A photographic memory has long been on my wish list; in its place, I use a digital camera to record patterns and settings that appeal to my sensibilities regarding the beauty of nature and, especially, the untamed remnants that remain. I then look for images that have an overall interesting abstraction (e.g., the balance in tones, the contrasts, and other basic design principles). Then I find a theme, such as radial symmetry, or opportunity for commentary, such my latest work about global warming. I crop, adjust contrast and color saturation, and then print a poster that then serves as my template. As my work progresses, I increasingly react to what I have layed. That helps maintain my interest and results in generating my impression of the subject rather than a biological illustration.

How did your creative side manifest itself when you were a kid?
I do not recall being particularly creative. I spent much of my time climbing trees, instigating fights between spiders, building cages for my hamsters, and reading. Art projects in elementary school are among the few memories I recall of that period of my life.

There are endless stereotypes regarding artists. What is one stereotype that is spot on with you?
Well, I am the absent-minded AND nutty professor, but I am not the starving artist, which is the only artist stereotype I know. I am at once an extrovert and introvert, which, perhaps, describes a significant proportion of artists.

Thanks to John (Solly) Sollinger for taking the time to answer my questions. Northwest Mosaics Today runs through 4/26/13 at The Handforth Gallery (inside the Main Library). If you have the chance, see the show. It's pure visual delight.


  1. I enjoyed my art classes in school. It is amazing how they create so many different things and that they express so much.

    1. My last summer session in college I tutored a little girl in art. She had such amazing talent and was almost bored with it. I quit when we spent more time playing tag than working on elements of art.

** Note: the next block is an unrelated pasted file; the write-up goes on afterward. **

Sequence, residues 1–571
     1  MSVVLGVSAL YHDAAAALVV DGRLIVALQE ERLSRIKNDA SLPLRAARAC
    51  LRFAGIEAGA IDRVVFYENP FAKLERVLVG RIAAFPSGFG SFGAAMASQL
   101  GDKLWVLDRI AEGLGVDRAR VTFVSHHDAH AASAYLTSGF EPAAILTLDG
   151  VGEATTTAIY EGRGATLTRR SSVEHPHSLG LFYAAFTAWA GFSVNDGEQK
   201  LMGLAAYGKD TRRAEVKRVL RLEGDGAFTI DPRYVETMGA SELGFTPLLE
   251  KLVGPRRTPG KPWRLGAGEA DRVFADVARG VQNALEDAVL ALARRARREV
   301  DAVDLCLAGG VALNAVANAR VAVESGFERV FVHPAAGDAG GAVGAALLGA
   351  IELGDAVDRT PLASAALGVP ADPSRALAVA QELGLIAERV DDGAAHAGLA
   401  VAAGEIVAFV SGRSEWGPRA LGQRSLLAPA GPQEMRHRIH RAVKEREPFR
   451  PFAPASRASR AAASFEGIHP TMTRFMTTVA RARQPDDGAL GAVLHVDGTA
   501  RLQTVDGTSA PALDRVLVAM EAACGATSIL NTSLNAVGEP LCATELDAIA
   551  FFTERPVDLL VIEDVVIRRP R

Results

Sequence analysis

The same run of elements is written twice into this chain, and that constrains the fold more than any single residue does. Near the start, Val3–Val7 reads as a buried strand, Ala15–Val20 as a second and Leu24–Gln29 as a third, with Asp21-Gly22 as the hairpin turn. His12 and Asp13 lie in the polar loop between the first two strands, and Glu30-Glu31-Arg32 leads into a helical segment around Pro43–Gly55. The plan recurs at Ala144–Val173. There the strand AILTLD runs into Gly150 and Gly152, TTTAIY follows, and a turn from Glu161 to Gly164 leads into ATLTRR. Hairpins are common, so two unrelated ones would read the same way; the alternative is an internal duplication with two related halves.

2. A photographic memory has been on my wish list for quite some time as well! I have always loved art. I remember drawing an elephant on my etch-a-sketch when I was four and couldn't stop drawing since. I love the first picture the most. Great interview!! Jaclyn @ JC's Book Haven.

    1. I wish I had an amazing memory too! I vividly remember TV shows and movies. Awesome talent! Drawing an elephant at 4? Wow! And on an etch-a-sketch. I was useless on that thing. My dad is an ink and wator color artist. I used to copy his drawings of coconut trees and landscapes...secretly. I don't think he even knows I did that.

  3. Wow I loved the frozen piece that is amazing, when I think of mosaics I think of the pieces people put in their garden lol. You have opened my mind I am going to do a google search to look up more I wish I could go to the gallery. I love visiting galleries, but my artistry level is still on par with my five year old, stick figures and Abstract lines :( never been creative. So I enjoy what I can through others.

    1. I haven't picked up a brush in over a decade! My skills are past rusty. I was shocked to see what's happening in mosaics. I thought rich gardens and old Spanish homes and things like that too, then BAM. There was one piece by a different artist that was of a woman's back, all sexy and sleek. The image fell apart close up, but standing across the room my eyes were glued to it. I hope to get an art show in at least once a month. I have a standing date with my mother-in-law.